I’m Not Rich. Why Am I Being Taxed Like I Am?

In our “Money Mic” series, we hand over the podium to someone with a strong opinion on a financial topic. Today, one woman shares what it’s like to be disproportionately taxed based on her income–and how it’s holding her back.

If someone had told me as a kid in Louisiana that my husband and I would have a combined income of $250,000 a year in our late twenties, I would have been pie-eyed. It sounds like a crazy amount of money. But after taking into account taxes, debt and living expenses in New York City, we’re actually finding it difficult to meet our financial goals.

Why Our Taxes Are Nearly Unmanageable

Last year, we paid $100,000 in taxes, which is almost exactly 40% of what we make. Even though we also paid $22,000 in student loan payments (we have about $145,000 in combined loans for my husband’s law school and my grad school), we don’t qualify for deductions–if you make more than $150,000 filing jointly, you can’t deduct student loan interest.

We also don’t get a deduction for home ownership–because we can’t afford to buy one. We’ve been saving for three years, and after another three years of diligent budgeting, we hope to have about $100,000, which would be enough for a 20% down payment on a home in a New York suburb with decent schools–the average “starter” home in these areas is about $500,000–plus an extra $20,000 for closing costs and incidentals.

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We’re in a weird place: We don’t have enough money to invest in a house or the stock market, which would get us tax exemptions. So we pay the full 40% of our salary in city**, state and federal taxes. People who are much wealthier can take advantage of tax loopholes, capital gains preferential tax rates and a larger mortgage deduction, so they end up paying only about 20% in taxes. For instance, in 2011, Barack Obama paid 20.5% in taxes. Mitt Romney paid 14% in taxes.

We find it ironic that we’d have to make more . . . in order to pay less.

If we’re being honest, it’s not only taxes that are killing us. Living in Manhattan is expensive—up to three times the cost of living in other cities—but I work for a private equities firm and my husband is in securities litigation. This city is the industry hub for both of our careers.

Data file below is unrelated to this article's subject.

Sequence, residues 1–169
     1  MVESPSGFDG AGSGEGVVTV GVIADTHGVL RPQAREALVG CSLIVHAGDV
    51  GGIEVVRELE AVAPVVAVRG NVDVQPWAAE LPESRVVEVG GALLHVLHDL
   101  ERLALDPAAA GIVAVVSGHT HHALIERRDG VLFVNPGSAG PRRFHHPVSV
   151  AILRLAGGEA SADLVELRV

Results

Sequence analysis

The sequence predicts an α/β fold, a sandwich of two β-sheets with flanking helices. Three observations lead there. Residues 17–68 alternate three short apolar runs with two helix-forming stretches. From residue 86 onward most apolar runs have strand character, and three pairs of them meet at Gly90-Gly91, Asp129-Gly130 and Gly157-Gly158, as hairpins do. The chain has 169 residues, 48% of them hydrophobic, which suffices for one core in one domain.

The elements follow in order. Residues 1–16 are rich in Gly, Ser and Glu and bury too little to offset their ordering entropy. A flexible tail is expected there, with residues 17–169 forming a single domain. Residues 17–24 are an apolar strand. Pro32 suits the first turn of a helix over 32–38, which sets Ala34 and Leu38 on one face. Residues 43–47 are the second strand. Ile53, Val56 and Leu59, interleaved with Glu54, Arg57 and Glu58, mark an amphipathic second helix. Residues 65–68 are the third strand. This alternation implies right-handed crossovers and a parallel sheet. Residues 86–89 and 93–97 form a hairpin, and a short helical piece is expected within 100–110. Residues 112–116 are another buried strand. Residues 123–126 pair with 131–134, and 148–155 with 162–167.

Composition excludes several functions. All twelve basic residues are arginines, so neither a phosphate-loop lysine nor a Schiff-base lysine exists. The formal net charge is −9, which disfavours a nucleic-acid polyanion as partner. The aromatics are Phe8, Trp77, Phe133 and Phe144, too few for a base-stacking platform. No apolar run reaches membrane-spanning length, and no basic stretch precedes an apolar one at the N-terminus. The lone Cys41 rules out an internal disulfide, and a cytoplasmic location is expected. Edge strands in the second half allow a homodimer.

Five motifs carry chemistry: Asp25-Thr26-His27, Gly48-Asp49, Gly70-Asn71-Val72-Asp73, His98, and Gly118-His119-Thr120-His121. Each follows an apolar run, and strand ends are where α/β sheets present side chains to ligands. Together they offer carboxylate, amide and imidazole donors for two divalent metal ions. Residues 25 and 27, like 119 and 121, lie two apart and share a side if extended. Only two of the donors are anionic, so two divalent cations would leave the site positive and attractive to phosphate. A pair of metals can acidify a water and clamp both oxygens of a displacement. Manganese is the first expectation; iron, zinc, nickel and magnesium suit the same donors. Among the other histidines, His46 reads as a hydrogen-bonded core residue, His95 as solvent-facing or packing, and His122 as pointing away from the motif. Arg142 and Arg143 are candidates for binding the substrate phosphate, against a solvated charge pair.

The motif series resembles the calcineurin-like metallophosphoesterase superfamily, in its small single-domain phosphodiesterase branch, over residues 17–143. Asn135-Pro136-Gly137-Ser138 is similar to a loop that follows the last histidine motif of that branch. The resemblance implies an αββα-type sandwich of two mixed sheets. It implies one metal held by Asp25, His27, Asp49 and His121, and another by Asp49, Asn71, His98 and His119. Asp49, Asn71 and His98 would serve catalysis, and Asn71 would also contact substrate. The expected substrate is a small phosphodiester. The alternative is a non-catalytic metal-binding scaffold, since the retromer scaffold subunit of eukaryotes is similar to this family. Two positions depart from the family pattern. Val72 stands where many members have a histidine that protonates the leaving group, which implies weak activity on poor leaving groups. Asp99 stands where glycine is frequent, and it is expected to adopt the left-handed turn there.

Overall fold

We’ve discussed moving, but it’s unlikely that we would both be able to get jobs elsewhere. We rent a one-bedroom apartment near our offices in a neighborhood where they go for $3,000 a month. We could move to a slightly cheaper outer borough, but we’re both called into our offices at odd hours and we also work long days. So we pay for the convenience of living near work.

  • Sheenasuzanne

    I’m sorry, but I find it difficult to relate to your story. Be grateful for the assets you already have, i.e. degrees and experience. Manhattan is the opportunity cost you both obviously have chosen. You could both find jobs where cost of living is lower and acquire a home or other write-off assets. $250,000 is upwards of the 90-something-th percentile of American earners. I think most people will have a difficult time relating to this article or feeling any empathy here.

    • Sydaries

       They aren’t asking for sympathy, they’re asking for change. They are correct- it isn’t fair that they pay a double percentage on their taxes when compared to those who make quadruple their income level. Loopholes need to be closed and deductions need a max income limit. They seem grateful for what they have, they just want things to be leveled for the 0.5% and the remainder of the 1-2%

      • saras_tears

        They’re asking for change so that they can buy a half a million dollar house faster.  This article is absurd.  They literally have it all.  Great jobs, each others love, living in one of the best locations in the entire world.  Oh wait, they want that house faster.  The whole premise gets lost in that.  Everyone knows “broaden the base” means get those 47% that don’t pay federal taxes to pony up!   It isn’t a single bit harder for them compared to the average joe coming out of college and getting a 40k a year job.  It’s the exact same. “Why Our Taxes Are Nearly Unmanageable,” I wanna barf when I read that.  Get a grip.  It really doesn’t sound like you guys know what SACRIFICE means.  And the thing is, you don’t even have to sacrifice a thing to get that beautiful home you want, you just have to wait a little longer.  My parents didn’t buy a house until they were well into their 30s.  This is ridiculous.  Hey guess what, everyone from 27k+ is probably paying a higher tax rate than Mitt Romney.  We all think it’s a bit messed up.  But for crying out loud, none of us are trying to buy a half a million dollar home at 27 and think that is a solid reason as to why the tax code needs to change.